In just a few weeks, MTV’s new take on Are You the One? has developed a loyal following eager to watch the boozy, messy antics of the new sexually fluid cast, a historic first for an American dating show. In the five episodes that have aired, there have been multiple hookups and breakups, and this week’s episode promises a fivesome in the boom boom room. With a cast made up of sexually fluid contestants, everyone is fair game. And what happens when you stick a bunch of hot people who are all potentially attracted to one another in a Hawaiian beach house and promise them each a share of $1,000,000 if they find their ideal mate? Well, they fuck.
But not everyone sees this as a win for queer visibility. Slate published a story on Wednesday questioning whether the show’s depiction of it’s sexually fluid cast was actually the win for bisexual representation it claims to be. The essay posits that a show filled with queer folks getting wasted and hooking up perpetuates the stereotype that bisexuals — and to be clear, not everyone on the show identifies as bisexual, as the term “sexually fluid” has been applied to the cast as a whole, so some of them may be pansexual or other variant of label — are greedy and hypersexual.
“It’s become frustrating to watch different contestants put the group’s chances of winning at risk by creating conflict, hurting one another, and failing to strategize about finding a perfect match. While I recognize it wouldn’t make for the most riveting TV, I desperately want to see them all sitting together with a piece of paper, charting out the best ways to play their odds intelligently,” writes Hannah Harris Green, who misses the point that creating conflict is the entire goal of reality dating competitions. Can you imagine if the cast of AYTO spent an episode sat around a notebook figuring out who they should pair up with rather than going snorkelling and taking repeat trips to the smush room? That would be so boring. Ratings and social engagement would plummet, and then we’d never get another season.
Drama is the entire reason that people watch reality dating shows! Remember earlier this year when that girl faked an Australian accent on The Bachelor? I watched the season premiere, having never watched the show before, just for her! There is no reality dating show — not The Bachelor, not A Shot at Love with Tila Tequila, not Finding Prince Charming — where contestants approached any strategy without the hopes of getting laid and getting their 15 minutes of fame.
Decades into the reality TV phenomenon, these contestants know that the more messy drama they cause, the better their chances of getting screen time are, which means leveraging their shot at love into an actual career. Sure, it would be nice to find your perfect mate and win some money, but in a post-Instagram world, reality TV favorites can turn their few weeks of airtime into a career as an Influencer, or maybe even land a spinoff. Is it realistic to expect that they’ll play nice and work together, flying in the face of a perscribed path set out by every other reality TV show ever, in order to provide a more nicely packaged depiction of what queer people look like?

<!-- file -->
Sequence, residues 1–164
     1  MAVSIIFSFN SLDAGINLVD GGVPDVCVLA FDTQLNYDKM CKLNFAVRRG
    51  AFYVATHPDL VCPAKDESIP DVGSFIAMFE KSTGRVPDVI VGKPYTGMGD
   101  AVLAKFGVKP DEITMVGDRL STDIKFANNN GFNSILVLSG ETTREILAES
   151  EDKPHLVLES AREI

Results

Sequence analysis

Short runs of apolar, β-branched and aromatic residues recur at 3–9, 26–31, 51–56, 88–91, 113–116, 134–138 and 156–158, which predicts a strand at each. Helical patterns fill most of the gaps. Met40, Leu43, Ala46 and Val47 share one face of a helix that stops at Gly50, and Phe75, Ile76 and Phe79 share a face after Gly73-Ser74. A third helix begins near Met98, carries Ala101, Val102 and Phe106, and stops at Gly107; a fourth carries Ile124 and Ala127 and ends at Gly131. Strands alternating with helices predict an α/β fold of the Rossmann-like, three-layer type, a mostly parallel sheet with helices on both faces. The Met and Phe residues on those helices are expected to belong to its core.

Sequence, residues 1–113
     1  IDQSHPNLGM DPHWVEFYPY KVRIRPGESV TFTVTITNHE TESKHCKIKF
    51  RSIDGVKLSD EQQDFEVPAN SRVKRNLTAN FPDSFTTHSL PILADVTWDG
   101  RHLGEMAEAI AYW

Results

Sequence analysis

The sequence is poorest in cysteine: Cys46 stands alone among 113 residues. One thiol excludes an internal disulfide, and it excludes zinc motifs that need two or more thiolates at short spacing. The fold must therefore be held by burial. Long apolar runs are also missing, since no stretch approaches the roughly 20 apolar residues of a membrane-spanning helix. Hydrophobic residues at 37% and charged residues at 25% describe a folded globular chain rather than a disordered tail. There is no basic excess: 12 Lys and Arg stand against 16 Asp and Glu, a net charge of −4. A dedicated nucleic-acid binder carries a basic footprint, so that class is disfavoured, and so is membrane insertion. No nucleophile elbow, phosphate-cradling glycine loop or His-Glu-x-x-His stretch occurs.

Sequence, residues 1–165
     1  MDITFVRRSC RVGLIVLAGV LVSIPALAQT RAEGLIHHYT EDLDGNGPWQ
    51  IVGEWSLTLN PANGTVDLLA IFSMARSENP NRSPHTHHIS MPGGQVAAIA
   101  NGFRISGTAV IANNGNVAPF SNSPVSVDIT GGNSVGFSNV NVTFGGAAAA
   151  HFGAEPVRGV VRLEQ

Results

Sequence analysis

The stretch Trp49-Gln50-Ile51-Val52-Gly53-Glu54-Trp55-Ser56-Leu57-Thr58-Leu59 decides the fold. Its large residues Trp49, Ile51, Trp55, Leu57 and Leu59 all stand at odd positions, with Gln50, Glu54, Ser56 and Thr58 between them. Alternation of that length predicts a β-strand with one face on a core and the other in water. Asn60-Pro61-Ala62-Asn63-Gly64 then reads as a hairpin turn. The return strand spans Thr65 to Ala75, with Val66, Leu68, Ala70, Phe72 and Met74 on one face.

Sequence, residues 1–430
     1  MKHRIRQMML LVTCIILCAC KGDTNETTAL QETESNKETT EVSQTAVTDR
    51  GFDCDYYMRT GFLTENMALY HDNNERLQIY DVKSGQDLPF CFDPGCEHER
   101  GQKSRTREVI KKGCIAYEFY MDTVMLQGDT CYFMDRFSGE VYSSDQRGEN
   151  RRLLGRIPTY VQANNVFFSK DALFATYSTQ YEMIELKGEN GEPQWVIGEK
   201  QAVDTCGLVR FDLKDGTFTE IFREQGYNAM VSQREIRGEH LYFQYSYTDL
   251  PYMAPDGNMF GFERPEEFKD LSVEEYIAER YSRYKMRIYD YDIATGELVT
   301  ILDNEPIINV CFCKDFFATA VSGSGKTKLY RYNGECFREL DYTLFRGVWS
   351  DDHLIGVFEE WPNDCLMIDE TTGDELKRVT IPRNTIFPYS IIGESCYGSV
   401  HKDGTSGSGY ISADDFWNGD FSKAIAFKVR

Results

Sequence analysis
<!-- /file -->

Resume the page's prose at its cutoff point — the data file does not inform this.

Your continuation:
And why should we expect them too? The powerful thing about the new season of Are You the One isn’t just that it has cast a bunch of queer people, it’s that it’s giving them the opportunity to behave the same way that cishetero folks do on dating shows. Green says they “hope we’ve reached a point where audiences could see this show and realize that the messiness on display isn’t exclusive to bi people,” which reeks of sex shaming. And honestly, isn’t showing that queer folks can be just as messy and entertaining as straight people actually the ideal outcome for a show like Are You the One?
Remy Duran, possibly the sluttiest AYTO cast member, tells Out he “always pushed back at the idea of being positive representation” because when it comes to bisexual stereotypes, he fits so many of them. “I’m a messy, slutty, bisexual who can never make up his mind on how many people I want to date at a time.” But according to him, being “the worst bisexual ambassador the community could ask” is exactly why he should be on TV. “I am part of the community whether people like it or not, I still matter and I’m not ashamed of being a slutty drama queen, especially not in front of no damn straight people.”
Queer folks shouldn’t behave better just because they’re on TV so that straight audiences get some sanitized version of what queerness looks like. Those outdated respectability politics are really not that dissimilar to the very structures of oppression we are trying to combat when it comes to “representation,” whatever that means. We don’t need to be palatable to cishetero folks, nor do we need to center straightness when we think about how these stories come across. And we certainly don’t need to force queer folks in media to be sexless paragons of respectability. We are allowed to be as slutty, flawed, self-destructive, and villainous as we want — that’s what makes good TV! If visibility has advanced enough to have a reality dating competition with a cast of queer folks, they should be able to be just as messy and slutty as queer folks are in real life. That is representation.